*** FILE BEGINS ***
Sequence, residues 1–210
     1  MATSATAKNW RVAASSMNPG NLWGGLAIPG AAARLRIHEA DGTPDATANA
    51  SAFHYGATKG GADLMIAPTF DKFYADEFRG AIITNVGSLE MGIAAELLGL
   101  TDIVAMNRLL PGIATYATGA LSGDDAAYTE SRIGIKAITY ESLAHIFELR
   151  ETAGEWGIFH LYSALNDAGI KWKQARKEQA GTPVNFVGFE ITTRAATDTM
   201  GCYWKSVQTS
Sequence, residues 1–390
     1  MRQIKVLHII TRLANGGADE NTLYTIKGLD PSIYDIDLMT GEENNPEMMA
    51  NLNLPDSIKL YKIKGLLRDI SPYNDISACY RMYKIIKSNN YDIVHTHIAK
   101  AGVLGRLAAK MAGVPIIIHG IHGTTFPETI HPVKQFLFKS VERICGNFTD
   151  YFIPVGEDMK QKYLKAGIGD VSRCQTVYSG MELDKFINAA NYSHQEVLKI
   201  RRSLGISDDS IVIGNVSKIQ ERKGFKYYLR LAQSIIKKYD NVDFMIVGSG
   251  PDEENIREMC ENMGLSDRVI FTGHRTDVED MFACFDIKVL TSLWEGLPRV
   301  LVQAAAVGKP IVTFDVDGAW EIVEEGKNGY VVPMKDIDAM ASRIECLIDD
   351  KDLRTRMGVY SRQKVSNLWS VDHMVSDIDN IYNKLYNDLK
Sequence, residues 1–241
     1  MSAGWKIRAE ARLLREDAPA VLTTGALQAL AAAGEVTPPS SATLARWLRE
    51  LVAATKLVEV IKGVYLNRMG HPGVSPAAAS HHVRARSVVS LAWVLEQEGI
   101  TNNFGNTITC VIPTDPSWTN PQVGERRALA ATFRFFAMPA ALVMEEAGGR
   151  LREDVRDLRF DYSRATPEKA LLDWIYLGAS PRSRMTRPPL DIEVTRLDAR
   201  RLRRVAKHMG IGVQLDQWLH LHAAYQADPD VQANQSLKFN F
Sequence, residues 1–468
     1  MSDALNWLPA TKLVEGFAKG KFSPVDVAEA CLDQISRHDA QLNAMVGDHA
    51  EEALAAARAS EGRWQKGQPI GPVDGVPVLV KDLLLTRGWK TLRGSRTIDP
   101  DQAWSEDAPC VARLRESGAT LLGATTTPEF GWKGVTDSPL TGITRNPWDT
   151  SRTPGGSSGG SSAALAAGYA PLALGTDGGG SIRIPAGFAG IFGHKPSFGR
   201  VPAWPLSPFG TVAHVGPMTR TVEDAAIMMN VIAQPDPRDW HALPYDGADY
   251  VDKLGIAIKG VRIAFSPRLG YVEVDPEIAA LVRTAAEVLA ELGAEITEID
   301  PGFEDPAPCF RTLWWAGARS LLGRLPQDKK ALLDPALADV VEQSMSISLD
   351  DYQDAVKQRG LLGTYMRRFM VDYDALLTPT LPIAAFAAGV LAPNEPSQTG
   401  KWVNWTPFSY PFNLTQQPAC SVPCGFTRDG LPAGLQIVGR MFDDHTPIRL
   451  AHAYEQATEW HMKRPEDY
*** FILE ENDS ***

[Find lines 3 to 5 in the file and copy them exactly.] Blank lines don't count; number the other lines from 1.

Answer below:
    51  SAFHYGATKG GADLMIAPTF DKFYADEFRG AIITNVGSLE MGIAAELLGL
   101  TDIVAMNRLL PGIATYATGA LSGDDAAYTE SRIGIKAITY ESLAHIFELR
   151  ETAGEWGIFH LYSALNDAGI KWKQARKEQA GTPVNFVGFE ITTRAATDTM